Records from 653 patients treated between 1991 and 1998 in the Oncology Practice Patterns Study (OPPS) were analyzed to determine contemporary chemotherapy delivery patterns in patients with intermediate-grade non-
Dr. Picozzi and colleagues havepresented an analysis from the Oncology Practice Patterns Study that examinedpatterns of care for patients with intermediate-grade non-Hodgkin’s lymphoma.Patients in their study were treated off protocol in managed-care practices, bycommunity oncologists or in the academic setting. More than 40% of patientsreceived a chemotherapy regimen that did not contain an anthracycline ormitoxantrone (Novantrone), or chemotherapy doses that were significantly lowerthan optimal. The authors appear to have made every effort to validateinformation obtained from the data collection forms, and we can assume thattheir results reflect "real world" standards of practice. We are nottold whether results differed for patients treated in academic vsprivate-practice settings, and it would be interesting to know if suchdifferences exist.
As might be expected, more than 50% of chemotherapy dosedelays and reductions for patients receiving CHOP (cyclophosphamide [Cytoxan,Neosar], doxorubicin HCl, vincristine [Oncovin], prednisone) or CNOP (cyclophosphamide,mitoxantrone, vincristine, prednisone) were related to neutropenia. However, itis disturbing that the reasons for 10% of the dose delays and 21% of the dosereductions could not be identified in the medical record. There are no firmguidelines regarding dose modifications for CHOP chemotherapy, and it is notsurprising that there are wide variations in how physicians alter chemotherapydosage according to blood counts.
Considerations About Dose Reductions
The authors of this study reference the article by McKelveyet al from the Southwest Oncology Group (SWOG) as the standard for CHOPadministration. That article recommends dose reductions of at least 20% fordoxorubicin and cyclophosphamide in patients whose white blood cell count fallsbelow 1,500/mm³ or whose platelet count falls below 50,000/mm³ during thepreceding cycle of therapy. Other articles detailing methods of CHOPchemotherapy administration simply refer to the original reports[2,3] orrecommend different schedules for dose modifications.[4,5] Standard textbooksfail to present recommendations regarding chemotherapy dose reductions forneutropenic patients.[6-9] This lack of consensus on dose modifications is notsurprising, however, in light of numerous variations in the CHOP regimenitself.
Dr. Picozzi and coauthors note that the main reason forinitiating chemotherapy at reduced doses was advanced age. Elderly patients withaggressive non-Hodgkin’s lymphoma frequently have adverse prognostic factorsat presentation. They may experience inferior outcomes because of increasedtoxicity from chemotherapy, higher relapse rates, or higher death rates fromcardiovascular disease. Treatment-related deaths in elderly patients receivingCHOP chemotherapy may be associated with performance status, rather thanchronologic age. Most experts would not recommend arbitrary dose reductionsbased on age alone. However, this analysis does not allow us to determine theprecise reasons for initiating chemotherapy at a reduced dose, and it ispossible that decisions to do so were correct for individual patients.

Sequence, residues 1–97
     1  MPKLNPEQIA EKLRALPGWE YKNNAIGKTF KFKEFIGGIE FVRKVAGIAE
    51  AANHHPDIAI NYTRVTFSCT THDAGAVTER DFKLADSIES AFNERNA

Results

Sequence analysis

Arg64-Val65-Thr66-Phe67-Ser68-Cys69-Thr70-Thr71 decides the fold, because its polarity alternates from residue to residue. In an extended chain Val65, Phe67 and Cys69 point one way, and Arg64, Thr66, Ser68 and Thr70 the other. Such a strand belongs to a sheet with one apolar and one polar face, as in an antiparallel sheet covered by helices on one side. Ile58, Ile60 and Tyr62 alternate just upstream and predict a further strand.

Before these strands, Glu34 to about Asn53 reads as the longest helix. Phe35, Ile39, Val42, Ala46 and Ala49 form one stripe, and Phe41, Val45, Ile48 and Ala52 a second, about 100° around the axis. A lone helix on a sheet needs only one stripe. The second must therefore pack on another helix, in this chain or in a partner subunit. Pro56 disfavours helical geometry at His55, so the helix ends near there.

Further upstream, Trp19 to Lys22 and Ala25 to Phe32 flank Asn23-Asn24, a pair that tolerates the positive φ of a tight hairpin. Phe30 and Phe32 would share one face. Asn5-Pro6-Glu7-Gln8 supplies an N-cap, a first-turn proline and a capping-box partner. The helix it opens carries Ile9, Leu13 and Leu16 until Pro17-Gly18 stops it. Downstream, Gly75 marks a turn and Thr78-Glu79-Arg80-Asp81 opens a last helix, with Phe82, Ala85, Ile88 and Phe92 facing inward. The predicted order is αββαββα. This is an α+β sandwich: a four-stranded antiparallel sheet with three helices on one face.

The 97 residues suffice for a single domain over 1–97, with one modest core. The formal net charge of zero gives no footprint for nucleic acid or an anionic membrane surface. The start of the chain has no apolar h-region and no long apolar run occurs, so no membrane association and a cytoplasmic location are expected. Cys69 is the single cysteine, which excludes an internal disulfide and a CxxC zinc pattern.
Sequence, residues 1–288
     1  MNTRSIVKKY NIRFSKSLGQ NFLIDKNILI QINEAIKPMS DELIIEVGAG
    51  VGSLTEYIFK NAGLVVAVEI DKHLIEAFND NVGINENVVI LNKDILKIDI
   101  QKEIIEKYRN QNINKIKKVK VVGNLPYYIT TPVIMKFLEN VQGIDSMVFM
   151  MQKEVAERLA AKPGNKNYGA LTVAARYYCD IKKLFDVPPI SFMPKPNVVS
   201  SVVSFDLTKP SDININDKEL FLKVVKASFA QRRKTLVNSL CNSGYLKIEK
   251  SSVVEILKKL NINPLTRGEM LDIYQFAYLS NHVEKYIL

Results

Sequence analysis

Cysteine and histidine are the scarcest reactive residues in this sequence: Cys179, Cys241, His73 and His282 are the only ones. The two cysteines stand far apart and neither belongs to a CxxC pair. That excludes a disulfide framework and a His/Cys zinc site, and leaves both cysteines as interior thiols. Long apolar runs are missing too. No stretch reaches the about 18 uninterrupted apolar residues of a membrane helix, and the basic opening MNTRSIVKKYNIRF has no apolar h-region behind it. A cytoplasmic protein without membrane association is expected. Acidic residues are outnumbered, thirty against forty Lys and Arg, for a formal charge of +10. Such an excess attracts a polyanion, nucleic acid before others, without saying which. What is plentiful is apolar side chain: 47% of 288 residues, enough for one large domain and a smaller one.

It is likely that concerns about doxorubicin-inducedcardiotoxicity were also responsible for dose reductions in elderly patients andthose with a history of cardiac disease. These characteristics are associatedwith a higher risk of cardiotoxicity. Nevertheless, it is unknown whetherthe risk of cardiac toxicity is greater than the increased risk of death fromlymphoma in patients who receive attenuated doses of anthracylines because ofasymptomatic cardiac disease or reductions in cardiac ejection fraction.
Growth Factors and Nonstandard Regimens
Hematopoietic growth factors were used at least once in morethan 50% of patients, including 11% who received primary prophylaxis. Guidelinesfrom the American Society of Clinical Oncology do not recommend primary use ofhematopoietic growth factors unless the expected incidence of febrileneutropenia reaches 40%. Patients in this analysis who received full-dosechemotherapy and were older than age 65 or had cardiac comorbidity would meetthis threshold. Nevertheless, overall survival benefits have not beendemonstrated with this approach, or with the secondary use of growth factors tomaintain dose intensity.
It is perhaps most surprising that 14% of patients werestarted on a chemotherapy regimen that did not contain an anthracycline ormitoxantrone. The use of these nonstandard regimens was not related to advancedage. Randomized trials comparing CHOP or CHOP-like regimens with othertreatments for elderly patients with aggressive lymphomas have found survivaladvantages associated with the use of anthracycline-based chemotherapyregimens.[14,15] Again, this analysis does not explain exactly why physicianschose to use these nonstandard regimens.
The results reported by Picozzi et al reflect contemporarypractices from a population-based perspective. This was the goal of the analysisand the results should not necessarily be considered good or bad, despite thehigh rate of deviation from standard schedules of CHOP and similar regimens. Theauthors note that these patients may have had characteristics that made themineligible for trials, or they may have had other adverse prognostic factors.For example, the median age of patients was 66.2 years, which was a decadegreater than patients in the SWOG trial. Furthermore, this analysis does notallow us to determine whether patients would have achieved better outcomeswithout the alterations in chemotherapy administration. As the authors note,this is a question that requires active investigation. If the answer is yes,then the findings of this analysis are very disturbing.
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